Scots Whay Hae! Presents… Starry Skies’ new single & video, ‘Starry Skies’

ss_ss.jpg

Against all odds, and just when we need it most, kindness is having a welcome renaissance, at least in terms of our culture. At this year’s Edinburgh International Book Festival, talking about his collection of essays The Passion Of Harry Bingo, journalist Peter Ross explained that the key to his work is kindness. He never belittles or condescends to those who he writes about, no matter how alternative their lifestyles or interests may appear. From S&M clubs to the subject of self-harm, Ross approaches his interviewees from a position of empathy and understanding.

It’s refreshing to hear, and other examples can be found in the work of Grammy winning singer/producer Adam Bainbridge, who is better know as Kindness, and in recent books by Helen Taylor and Helen McClory. What unites them is a desire to understand the choices and lifestyles of others, and include them in any conversation – benevolance without patronization. In short, and in the words of Abraham Lincoln, the theme is, “Be excellent to each other”.

To those you can add the forthcoming Starry Skies’ album Be Kind which is out in UnknownOctober on Fox Star Records. Starry Skies are a bit of a Supergroup, as well as a super group, with members of Sister John, The Gracious Losers, and Attic Lights involved, as well as a various guest appearances when playing live. They are ably led by singer-songwriter Warren McIntyre,  a man who has played with legendary bands The Ducks, The Moondials, and many more. This is a band of multi-talents who come together to make a greater whole. Continue reading

Paint It Black: A Review Of Helen Taylor’s The Backstreets Of Purgatory…

DSC_0796.jpg

I recently attended the Glasgow launch of Helen Taylor’s debut novel The Backstreets Of 39330800_598687323859088_5110516692849524736_nPurgatory. It was a fascinating and refreshingly different approach to a book event. Instead of the usual chat with chair/readings/Q&A format Taylor replaced the former with a talk on the life and work of the infamous Italian painter Caravaggio (along with an old-school approach to slideshows – see right) to a packed Byres Road Waterstones.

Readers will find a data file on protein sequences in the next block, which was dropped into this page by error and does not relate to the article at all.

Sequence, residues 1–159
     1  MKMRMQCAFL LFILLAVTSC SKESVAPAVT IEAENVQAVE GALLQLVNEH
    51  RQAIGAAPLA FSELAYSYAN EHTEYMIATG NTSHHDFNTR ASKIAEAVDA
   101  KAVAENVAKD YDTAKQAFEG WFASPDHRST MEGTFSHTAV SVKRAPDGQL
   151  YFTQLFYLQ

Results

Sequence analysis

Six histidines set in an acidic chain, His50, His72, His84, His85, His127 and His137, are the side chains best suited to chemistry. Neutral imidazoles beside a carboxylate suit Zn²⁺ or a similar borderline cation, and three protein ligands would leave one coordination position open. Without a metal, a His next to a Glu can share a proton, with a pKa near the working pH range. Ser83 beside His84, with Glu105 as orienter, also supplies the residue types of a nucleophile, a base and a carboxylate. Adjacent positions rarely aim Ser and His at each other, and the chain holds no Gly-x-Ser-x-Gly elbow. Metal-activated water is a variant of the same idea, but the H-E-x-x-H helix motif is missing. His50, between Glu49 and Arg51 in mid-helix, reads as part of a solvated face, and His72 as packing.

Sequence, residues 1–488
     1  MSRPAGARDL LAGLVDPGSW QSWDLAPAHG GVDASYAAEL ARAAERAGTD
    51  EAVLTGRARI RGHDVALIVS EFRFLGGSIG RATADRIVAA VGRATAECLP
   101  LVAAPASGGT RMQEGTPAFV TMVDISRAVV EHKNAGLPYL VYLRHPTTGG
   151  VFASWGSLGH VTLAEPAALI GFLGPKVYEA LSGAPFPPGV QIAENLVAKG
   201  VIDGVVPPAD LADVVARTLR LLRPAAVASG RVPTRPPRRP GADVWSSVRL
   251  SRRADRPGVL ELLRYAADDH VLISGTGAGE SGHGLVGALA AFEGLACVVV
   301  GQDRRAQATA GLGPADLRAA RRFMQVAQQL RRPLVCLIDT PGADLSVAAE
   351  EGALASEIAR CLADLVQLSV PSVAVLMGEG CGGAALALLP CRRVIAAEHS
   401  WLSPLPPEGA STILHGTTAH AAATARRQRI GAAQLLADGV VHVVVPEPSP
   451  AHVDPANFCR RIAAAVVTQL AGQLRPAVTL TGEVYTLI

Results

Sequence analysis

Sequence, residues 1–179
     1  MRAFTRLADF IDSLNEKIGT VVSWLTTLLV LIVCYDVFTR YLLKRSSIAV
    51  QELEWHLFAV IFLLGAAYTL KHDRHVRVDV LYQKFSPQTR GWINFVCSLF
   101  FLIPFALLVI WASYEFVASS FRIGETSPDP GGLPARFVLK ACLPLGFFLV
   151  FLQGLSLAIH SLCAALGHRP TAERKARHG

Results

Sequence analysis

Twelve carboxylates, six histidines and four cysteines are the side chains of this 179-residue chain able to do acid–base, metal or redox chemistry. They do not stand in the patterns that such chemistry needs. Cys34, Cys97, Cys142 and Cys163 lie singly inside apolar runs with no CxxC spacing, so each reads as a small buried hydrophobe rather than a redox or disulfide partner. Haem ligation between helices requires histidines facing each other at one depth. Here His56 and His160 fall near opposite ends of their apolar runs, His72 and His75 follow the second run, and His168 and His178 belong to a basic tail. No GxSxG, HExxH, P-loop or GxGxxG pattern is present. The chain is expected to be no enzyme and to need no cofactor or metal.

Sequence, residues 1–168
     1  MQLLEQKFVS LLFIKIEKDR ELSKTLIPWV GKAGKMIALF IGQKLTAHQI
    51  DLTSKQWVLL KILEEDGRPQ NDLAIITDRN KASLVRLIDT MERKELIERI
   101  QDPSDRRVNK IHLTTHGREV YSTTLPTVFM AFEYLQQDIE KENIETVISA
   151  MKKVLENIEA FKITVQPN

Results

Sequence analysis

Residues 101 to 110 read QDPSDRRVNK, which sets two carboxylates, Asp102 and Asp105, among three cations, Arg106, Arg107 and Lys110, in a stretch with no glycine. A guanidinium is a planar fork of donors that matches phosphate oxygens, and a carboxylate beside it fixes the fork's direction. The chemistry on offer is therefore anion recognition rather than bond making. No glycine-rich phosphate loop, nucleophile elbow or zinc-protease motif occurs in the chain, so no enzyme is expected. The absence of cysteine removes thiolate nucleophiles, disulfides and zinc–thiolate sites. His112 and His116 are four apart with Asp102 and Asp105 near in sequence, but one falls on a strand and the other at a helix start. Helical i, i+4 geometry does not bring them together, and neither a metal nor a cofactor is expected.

This decision was not as left-field as it may sound as Caravaggio not only plays a major part in the plot of The Backstreets Of Purgatory, but also the structure, with chapters being named after the artist’s paintings (a selection of which are at the bottom of this review). But the important question is, “Is the book any good?”. The short answer is “Very”. The long answer begins now.

I had no knowledge of The Backstreets Of Purgatory before its launch, and only a little more than that afterwards as Taylor avoided spoilers even after her reading. The back cover proclaimed it as “Caravaggio In Glasgow, A Tale of Art, Insanity And Irn-Bru”. While pithy, that doesn’t begin to tell the whole story. Struggling Glaswegian artist Finn Garvie dreams of being the city’s answer to Michelangelo Merisi da Caravaggio, but spends most of his time contemplating work rather than creating it, occasionally caricaturing patrons of the local Bingo. His long-suffering girlfriend, Lizzi, senses he views their relationship in a similarly lackadaisical fashion. This is in part due to Finn discovering a new muse in the shape of au pair Kassia, who, to his chagrin, doesn’t want to know. Continue reading

New Musical Success: A Review Of The Best In New Music…

e083bf7b3cf900da6ea545d654fe440eb33926ca.jpeg

This is proving to be a summer of love with a soundtrack to match. With incredible albums already from SWH! favourites Modern Studies, The Scottish Enlightenment, Tracyanne & Danny, Aidan Moffat & RM Hubbert, and Kathryn Joseph (more of which below), and the promise of releases from The Gracious Losers, The Starry Skies, L-Space, and Carla J. Easton this long hot summer is shaping up to be a memorable one in terms of Scottish music. You want proof? Keep on reading and be convinced.

I first heard Lynnie Carson at one of Warren McIntyre’s Seven Song Clubs which are held at Glasgow’s Tron Theatre every month. It was a solo set and I was immediately blown away. Her voice has a warmth which is rare and welcome, and this is to the fore on her latest single ‘Love Is’, which she recorded with her band, the excellently monikered Hawking Gimmicks, made up of some fantastic musicians as was shown with their set at the recent Seven Song Club Weekender where they were a highlight. If you get the chance to see Lynnie, either on her own or with the band, don’t miss it as this is someone with music in her very bones, and the love she has for what she does is infectious. This is ‘Love Is’:

Continue reading